There is an additional reason, however, why this EEOC action must fail. Even if the evidence had shown that Greyhound employed proportionately fewer blacks than whites at its Philadelphia terminal, this would not make out a prima facie case of racial discrimination. To establish a prima facie case of employment discrimination under the disparate impact theory, the plaintiff must demonstrate a causal connection between the challenged policy or regulation and a racially unequal result. In other words, a policy does not have a disparate impact unless it is the cause of that impact. In this case the Commission has not demonstrated that Greyhound's no-beard policy has a greater impact on blacks than on whites. EEOC argues that "[b]ecause of PFB's overwhelmingly greater prevalence among blacks than among other racial groups," Greyhound's policy "perforce excludes disproportionately more blacks than whites from its public-contact positions." Appellee's brief at 13-14. EEOC's evidence, however, assuming that it was reliable, admissible, and probative, would support only a conclusion that PFB has a disproportionate impact on blacks. It has presented no evidence from which it logically may be inferred that Greyhound's policy has a disproportionate impact.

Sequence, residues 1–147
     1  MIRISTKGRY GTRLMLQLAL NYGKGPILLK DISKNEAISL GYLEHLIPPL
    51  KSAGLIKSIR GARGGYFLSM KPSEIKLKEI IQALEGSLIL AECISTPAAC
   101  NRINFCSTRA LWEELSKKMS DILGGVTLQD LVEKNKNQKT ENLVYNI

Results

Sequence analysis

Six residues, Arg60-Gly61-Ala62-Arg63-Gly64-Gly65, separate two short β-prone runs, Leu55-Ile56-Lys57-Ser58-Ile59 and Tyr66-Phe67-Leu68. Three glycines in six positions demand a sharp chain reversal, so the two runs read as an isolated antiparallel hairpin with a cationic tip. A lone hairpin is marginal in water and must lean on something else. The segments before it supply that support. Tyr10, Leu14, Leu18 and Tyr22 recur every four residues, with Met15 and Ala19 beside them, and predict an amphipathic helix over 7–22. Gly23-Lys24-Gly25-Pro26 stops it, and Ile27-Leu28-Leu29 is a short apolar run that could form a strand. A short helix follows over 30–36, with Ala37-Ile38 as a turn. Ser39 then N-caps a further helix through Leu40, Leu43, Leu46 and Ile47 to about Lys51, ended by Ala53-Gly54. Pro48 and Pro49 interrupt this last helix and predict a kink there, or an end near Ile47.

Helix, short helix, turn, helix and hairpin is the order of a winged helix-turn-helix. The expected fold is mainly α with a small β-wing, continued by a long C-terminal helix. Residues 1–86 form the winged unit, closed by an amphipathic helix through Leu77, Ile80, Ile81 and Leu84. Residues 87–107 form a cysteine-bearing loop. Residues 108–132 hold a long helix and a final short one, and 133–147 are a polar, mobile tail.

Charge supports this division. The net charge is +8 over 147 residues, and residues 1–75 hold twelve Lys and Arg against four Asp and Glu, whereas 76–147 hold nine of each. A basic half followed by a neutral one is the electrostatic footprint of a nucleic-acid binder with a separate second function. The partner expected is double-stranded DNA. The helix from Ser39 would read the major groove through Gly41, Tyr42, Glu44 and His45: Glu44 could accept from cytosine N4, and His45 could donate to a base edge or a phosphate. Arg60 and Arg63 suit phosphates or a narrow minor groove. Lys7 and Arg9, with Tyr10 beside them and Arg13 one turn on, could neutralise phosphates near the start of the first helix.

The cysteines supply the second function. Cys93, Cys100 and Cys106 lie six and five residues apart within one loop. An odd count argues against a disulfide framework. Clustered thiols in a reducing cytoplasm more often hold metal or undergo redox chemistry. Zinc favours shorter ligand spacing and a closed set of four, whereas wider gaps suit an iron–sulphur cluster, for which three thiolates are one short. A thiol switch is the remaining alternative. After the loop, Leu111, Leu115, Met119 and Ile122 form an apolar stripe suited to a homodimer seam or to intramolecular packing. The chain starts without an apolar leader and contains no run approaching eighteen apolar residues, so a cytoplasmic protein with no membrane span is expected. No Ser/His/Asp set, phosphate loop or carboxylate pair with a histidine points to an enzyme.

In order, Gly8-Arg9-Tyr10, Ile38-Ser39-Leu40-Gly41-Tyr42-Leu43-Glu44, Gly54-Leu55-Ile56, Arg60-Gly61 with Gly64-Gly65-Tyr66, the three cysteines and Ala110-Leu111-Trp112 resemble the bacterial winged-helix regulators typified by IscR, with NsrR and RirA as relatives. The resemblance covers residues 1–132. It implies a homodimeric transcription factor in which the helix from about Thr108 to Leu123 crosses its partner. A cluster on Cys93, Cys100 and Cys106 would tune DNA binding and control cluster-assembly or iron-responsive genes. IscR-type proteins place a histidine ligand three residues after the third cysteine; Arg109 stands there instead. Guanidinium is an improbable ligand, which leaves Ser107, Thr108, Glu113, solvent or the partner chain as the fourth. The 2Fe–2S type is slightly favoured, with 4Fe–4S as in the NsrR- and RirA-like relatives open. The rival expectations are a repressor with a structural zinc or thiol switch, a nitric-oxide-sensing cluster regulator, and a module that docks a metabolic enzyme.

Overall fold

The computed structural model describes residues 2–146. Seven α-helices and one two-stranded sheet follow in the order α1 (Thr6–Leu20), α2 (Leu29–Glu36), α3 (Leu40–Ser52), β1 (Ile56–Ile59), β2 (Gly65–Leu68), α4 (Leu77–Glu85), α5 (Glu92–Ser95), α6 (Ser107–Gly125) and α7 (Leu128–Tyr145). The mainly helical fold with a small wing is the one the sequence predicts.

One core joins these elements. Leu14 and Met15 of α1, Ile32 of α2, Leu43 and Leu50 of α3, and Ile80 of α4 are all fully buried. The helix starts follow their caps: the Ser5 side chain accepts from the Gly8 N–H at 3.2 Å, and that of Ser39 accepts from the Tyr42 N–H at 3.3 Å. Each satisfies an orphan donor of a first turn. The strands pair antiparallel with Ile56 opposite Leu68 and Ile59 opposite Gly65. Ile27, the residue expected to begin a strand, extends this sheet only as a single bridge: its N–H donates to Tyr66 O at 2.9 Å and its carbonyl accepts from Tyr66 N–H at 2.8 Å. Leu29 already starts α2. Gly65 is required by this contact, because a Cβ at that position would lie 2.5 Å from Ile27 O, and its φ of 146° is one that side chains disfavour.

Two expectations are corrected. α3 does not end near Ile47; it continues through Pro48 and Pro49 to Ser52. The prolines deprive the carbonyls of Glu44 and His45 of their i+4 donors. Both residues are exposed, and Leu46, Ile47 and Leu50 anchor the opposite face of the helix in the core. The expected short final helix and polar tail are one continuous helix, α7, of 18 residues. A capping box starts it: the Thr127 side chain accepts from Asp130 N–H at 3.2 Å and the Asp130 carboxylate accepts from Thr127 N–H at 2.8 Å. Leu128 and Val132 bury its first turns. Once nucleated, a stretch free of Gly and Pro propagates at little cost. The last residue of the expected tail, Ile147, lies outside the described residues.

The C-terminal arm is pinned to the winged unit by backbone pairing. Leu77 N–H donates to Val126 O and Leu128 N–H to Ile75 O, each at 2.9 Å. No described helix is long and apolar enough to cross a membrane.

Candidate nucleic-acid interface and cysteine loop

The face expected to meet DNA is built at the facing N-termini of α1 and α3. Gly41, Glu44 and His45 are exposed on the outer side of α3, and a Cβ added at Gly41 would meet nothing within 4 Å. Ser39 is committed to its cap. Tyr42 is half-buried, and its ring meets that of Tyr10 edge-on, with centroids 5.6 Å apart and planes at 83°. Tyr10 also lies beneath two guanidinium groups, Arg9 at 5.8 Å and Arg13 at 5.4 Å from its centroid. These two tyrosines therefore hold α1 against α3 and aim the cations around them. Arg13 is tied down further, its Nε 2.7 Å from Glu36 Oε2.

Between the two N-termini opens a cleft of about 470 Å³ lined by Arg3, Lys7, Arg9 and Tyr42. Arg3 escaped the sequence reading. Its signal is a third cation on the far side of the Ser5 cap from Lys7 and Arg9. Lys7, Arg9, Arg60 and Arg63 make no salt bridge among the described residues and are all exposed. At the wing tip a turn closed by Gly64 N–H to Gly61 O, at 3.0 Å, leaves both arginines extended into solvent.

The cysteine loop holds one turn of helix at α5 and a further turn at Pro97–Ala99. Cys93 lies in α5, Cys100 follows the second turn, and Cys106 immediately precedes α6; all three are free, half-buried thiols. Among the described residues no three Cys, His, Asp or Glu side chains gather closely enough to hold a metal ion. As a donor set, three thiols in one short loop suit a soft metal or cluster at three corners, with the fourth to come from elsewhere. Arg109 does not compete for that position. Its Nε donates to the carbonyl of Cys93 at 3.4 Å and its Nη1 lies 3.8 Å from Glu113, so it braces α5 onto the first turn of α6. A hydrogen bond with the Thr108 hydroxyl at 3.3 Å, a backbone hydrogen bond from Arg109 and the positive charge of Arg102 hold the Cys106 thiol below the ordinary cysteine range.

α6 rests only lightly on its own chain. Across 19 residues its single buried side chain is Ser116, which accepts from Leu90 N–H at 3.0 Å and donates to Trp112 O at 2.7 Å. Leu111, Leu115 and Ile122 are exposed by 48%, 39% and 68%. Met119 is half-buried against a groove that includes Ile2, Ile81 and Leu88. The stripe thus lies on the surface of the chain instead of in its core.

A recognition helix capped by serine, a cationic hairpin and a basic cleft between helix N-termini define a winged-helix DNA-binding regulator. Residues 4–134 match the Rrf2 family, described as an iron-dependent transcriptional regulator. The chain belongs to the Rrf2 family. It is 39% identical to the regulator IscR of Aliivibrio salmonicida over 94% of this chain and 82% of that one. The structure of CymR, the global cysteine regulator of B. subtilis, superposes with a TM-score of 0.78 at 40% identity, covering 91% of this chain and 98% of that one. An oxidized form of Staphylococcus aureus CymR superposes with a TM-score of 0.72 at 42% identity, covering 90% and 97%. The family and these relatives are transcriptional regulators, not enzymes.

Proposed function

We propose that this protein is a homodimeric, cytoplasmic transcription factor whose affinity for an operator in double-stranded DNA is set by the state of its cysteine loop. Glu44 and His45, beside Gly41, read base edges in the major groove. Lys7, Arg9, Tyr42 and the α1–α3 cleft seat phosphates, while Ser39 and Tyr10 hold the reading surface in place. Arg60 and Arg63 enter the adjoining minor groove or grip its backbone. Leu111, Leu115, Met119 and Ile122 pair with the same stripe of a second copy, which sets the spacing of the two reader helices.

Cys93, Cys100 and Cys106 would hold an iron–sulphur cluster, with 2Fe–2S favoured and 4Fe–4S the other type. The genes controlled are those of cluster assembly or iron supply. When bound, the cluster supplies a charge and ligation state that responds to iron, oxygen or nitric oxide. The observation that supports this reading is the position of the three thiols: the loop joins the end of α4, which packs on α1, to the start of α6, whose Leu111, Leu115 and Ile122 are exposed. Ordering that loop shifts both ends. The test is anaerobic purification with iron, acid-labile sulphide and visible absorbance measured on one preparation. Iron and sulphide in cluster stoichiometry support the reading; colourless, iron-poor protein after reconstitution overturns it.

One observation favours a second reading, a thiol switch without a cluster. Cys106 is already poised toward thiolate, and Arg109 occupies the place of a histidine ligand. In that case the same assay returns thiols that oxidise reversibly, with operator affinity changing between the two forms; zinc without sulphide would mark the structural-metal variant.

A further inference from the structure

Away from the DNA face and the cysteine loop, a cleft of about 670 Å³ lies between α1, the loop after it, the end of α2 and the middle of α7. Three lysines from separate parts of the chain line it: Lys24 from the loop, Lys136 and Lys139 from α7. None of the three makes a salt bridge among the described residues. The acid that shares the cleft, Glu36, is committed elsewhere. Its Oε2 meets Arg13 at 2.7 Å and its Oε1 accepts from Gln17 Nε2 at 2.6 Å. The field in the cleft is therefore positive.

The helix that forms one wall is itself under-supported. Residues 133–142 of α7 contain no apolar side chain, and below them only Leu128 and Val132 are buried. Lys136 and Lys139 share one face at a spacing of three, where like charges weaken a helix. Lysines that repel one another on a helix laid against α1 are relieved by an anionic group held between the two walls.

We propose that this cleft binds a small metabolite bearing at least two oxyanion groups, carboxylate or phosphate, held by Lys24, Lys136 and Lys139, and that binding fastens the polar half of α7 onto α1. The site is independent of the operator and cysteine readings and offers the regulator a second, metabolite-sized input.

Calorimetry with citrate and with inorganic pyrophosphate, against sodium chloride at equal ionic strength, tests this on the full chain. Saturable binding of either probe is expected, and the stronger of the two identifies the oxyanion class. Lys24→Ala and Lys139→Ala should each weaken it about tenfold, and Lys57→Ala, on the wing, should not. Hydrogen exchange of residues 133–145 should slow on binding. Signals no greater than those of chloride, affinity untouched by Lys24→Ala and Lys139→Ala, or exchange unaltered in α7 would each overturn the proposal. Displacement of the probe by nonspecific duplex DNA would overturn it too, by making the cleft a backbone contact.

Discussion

The Commission presented statistical data relating to the incidence of PFB among young black males. It relied heavily on the expert testimony of Dr. A. Melvin Alexander, whose actual research consisted of examining only fifty black males admitted to a United States military hospital in Okinawa. He was permitted to refer also to two other studies which, like his, were limited to young black men, shaving beginners, either in the Army or in college. Based on a self devised gradation scale he testified that in his opinion approximately one half of those suffering from the condition, or, according to his own study, one-fourth of all blacks who shave, have a sufficiently severe case of PFB to be classified at least at "Grade II" and encounter moderate or serious shaving difficulty. On the basis of this evidence, EEOC concludes "that all PFB victims — or one-fourth of all blacks who shave — must grow beards to avoid aggravating their condition." Appellee's brief at 20-21.